**Email System.** Users access the email system through a web browser
and a well-known URL. The following user stories summarize the functional
requirements for the email system:
1. Users can enter a user name and password to authenticate.
2. Authenticated users can see a list of email messages in their inbox.
3. Authenticated users can view, reply to, and delete messages.
4. Authenticated users can compose a new message, aided by an address book
of known contacts.
5. Authenticated users can logout.
Note that the user stories sketched above leave many details of the system
unspecified. Where necessary, feel free to resolve those details in your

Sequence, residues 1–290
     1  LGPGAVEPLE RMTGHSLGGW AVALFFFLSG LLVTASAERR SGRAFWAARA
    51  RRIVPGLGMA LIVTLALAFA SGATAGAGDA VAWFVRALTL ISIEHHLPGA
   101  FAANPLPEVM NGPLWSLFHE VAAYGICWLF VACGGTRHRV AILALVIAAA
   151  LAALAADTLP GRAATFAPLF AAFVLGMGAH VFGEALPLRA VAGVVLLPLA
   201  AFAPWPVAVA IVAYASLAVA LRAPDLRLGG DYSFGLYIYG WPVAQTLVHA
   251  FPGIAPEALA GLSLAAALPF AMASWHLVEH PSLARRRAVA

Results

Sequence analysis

answer, but also clearly state any additional assumptions you make.
### Problem 3 (21 pts)
Repeat what you did in Problem 2, but for the following system:
**Smart Meter System.** Users have an electricity meter installed
outside their house; you may assume that the meter resists physical
attacks. The meter is connected to a WiFi home area network
(HAN), as are major appliances inside the house; assume that the HAN is
not bridged to the public Internet. The meter is also connected to a
cellular (e.g., GSM) wide area network (WAN), which enables
communication with the electrical utility service. Here are
some user stories:
1. The meter can report to the utility service the amount of
electricity used each hour.
2. During periods of peak power usage, the utility service can send hints to